First phase polls in WB: When democratic forces clamour for police intervention

A large number of para-military forces, close to 40 companies, were deployed in addition to the state police battalions and local police station personnel for the first phase.

Written by Subrata Nagchoudhury | Kolkata | Updated: April 6, 2016 5:29 pm
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The unusually peaceful polling during phase one in West Bengal that covered parts of Junglemahal – the LWE affected areas may not guarantee that the next phase slated on April 11 would be equally incident and violence free. For mischief makers the best time to strike is when the administrative machinery is complacent and sinks into a sense of success. The next phase covers the remaining part of the Junglemahal and one part of Burdwan district.

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Surprisingly, the political discourse after the peaceful first phase has revolved round the central security forces and their role in the polls. A large number of para-military forces, close to 40 companies, were deployed in addition to the state police battalions and local police station personnel for the first phase. Apparently, the opposition parties are not happy and raised questions over the central forces’ deployment only in the polling booths and not in the interiors of the villages from where voters actually had to travel to the polling stations to cast their votes. There had been threats and intimidations on the way, they alleged.

The fact that over 80 per cent of the voters cast their votes in all the three districts that went to the polls is itself an indication of the spontaneous participation of voters in the electoral process. Tribal communities in Junglemahal traditionally wear a festive look during elections and celebrate the occasion. By any standard, the polling percentage of over 80 per cent is close to the optimum participation level for the electorate.

One interesting aspect is the cricketing analogy that both the sides have resorted to after the first phase. In the IPL season, it might have been a natural corollary, a bid to woo and egg on the electorate in the remaining phases. The leader of the opposition and CPM state secretary and politburo member, Surya Kanta Mishra reacted after the first phase saying, “Voters have hit a six, sending the Trinamool Congress out of the playing arena in Junglemahal.” Mukul Roy – the recently reinstated Trinamool Congress leader retorted, “The Junglemahl voters have bowled and uprooted all the three wickets – the CPM, Congress and the BJP. “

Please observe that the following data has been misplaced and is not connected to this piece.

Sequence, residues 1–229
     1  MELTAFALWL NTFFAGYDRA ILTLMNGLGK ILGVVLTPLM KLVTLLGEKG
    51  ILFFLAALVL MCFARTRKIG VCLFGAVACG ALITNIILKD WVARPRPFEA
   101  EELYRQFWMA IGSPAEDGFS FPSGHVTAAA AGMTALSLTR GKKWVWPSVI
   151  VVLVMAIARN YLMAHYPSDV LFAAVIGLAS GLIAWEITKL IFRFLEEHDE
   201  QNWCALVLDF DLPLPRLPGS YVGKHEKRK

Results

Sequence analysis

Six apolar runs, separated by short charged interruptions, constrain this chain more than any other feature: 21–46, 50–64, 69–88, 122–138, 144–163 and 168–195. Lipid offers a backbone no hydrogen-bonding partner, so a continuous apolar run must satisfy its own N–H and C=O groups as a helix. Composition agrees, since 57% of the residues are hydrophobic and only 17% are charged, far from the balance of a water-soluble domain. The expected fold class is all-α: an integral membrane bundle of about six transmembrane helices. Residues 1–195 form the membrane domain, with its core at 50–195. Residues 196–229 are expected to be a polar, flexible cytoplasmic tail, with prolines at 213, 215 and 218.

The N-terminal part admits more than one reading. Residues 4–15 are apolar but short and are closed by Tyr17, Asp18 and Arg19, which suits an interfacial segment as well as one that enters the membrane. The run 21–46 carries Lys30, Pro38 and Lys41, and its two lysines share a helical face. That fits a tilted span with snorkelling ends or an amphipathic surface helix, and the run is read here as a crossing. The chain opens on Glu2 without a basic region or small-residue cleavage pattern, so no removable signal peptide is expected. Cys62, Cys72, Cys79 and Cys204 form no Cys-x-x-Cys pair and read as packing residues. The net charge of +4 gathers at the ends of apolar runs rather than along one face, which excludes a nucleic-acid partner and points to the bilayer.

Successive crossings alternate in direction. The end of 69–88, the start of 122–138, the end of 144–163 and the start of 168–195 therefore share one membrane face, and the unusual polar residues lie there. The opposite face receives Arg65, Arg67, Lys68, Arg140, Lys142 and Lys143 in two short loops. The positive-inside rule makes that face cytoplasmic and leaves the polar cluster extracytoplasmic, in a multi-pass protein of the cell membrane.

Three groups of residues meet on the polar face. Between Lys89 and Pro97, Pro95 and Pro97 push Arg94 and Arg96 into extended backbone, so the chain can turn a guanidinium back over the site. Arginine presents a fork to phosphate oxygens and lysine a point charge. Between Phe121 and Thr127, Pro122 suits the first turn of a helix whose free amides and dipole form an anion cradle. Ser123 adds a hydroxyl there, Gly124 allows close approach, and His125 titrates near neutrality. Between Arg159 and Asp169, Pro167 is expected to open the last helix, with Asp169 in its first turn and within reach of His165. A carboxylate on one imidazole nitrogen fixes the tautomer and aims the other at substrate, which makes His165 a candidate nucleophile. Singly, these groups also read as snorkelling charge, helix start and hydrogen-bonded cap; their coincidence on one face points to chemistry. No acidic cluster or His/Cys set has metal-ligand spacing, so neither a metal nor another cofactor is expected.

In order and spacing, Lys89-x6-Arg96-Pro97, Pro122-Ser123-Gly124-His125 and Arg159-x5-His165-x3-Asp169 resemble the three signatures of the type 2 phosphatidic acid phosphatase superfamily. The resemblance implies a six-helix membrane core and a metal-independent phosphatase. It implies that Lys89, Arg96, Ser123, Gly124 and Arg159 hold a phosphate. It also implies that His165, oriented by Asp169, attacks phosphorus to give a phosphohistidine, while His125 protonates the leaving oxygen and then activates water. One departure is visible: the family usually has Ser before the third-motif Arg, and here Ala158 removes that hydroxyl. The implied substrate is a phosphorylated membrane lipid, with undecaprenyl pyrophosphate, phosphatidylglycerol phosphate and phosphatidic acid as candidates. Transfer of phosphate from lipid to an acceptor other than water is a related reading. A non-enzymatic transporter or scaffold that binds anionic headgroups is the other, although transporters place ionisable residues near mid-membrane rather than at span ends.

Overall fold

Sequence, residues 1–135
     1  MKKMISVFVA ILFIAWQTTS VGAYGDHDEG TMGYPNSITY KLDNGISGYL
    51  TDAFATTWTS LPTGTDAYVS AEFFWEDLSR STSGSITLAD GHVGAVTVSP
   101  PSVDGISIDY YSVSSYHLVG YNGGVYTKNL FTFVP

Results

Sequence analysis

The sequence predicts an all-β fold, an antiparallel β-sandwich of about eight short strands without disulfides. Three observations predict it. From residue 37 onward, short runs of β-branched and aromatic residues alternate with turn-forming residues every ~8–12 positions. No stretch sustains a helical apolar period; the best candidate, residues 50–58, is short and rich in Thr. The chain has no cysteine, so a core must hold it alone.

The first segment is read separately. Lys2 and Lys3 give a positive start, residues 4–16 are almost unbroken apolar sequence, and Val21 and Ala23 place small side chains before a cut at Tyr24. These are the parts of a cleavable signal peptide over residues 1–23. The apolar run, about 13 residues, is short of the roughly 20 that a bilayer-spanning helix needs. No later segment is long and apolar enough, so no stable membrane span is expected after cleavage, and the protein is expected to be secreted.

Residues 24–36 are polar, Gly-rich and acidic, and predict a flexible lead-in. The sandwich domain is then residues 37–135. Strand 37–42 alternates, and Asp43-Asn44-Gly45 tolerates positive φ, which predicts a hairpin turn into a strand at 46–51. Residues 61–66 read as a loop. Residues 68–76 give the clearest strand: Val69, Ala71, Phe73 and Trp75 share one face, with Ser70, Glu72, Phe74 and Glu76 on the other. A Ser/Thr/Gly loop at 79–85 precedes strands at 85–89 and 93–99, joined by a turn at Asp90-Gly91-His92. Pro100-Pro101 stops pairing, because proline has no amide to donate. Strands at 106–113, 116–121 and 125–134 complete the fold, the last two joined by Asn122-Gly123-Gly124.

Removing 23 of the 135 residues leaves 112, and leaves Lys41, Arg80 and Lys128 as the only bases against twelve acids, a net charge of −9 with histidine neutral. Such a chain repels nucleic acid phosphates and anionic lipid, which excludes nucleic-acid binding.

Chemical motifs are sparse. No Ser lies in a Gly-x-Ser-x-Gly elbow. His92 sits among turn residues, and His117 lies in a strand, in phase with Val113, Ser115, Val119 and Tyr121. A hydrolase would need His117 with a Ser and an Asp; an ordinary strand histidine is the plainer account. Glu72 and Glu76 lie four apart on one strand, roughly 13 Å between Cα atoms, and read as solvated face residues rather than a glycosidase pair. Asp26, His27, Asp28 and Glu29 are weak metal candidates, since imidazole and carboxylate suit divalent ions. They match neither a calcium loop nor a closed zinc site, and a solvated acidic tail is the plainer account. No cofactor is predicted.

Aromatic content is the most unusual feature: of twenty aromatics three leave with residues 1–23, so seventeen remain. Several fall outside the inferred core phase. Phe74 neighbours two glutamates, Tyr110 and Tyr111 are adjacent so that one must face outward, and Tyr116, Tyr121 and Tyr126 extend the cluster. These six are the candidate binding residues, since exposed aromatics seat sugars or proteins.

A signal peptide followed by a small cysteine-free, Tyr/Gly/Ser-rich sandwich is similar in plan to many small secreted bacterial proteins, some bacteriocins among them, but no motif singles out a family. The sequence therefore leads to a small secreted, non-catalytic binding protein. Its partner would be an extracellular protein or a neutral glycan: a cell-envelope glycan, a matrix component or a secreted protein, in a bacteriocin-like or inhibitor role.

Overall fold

In private, the senior leaders of both the sides say that these are “vocal tonic” for the remaining phases. So, even if the ECI has done a commendable job, pressure has to be mounted to boost the morale of the party’s rank and file.

Coming back to the issue of security forces and the persistent demands for their greater involvement in the electoral process seem to signal an uncanny dimension to this huge democratic exercise. The question that looms large – should political parties championing the cause of democracy clamour for for military presence in the democratic process? Shouldn’t there be a transition towards a system in which more scientific tools come in operation to ensure a free, fair and peaceful polling instead of gun-toting security forces teeming around voters?

Besides, “sensitive booths,” “area domination,” “sanitization” “route march”, “flag march” are words which are in abundant use now and seem to create more of a jarring note than cohesion in a celebration of democracy. According to one estimate about Rs 25 crore would be the cost for 200 companies of security forces for a period of three months in West Bengal. Multiply this several times to calculate how much 800 companies of securityforces – who are expected to descend on Bengal – would cost the state exchequer.

On this count, Didi has few grounds against the opposition clamour for more security intervention. When in opposition, she persistently asked for the imposition of Article 365 – President’s Rule — in West Bengal for holding free and fair polls. The bug is back to bite her now.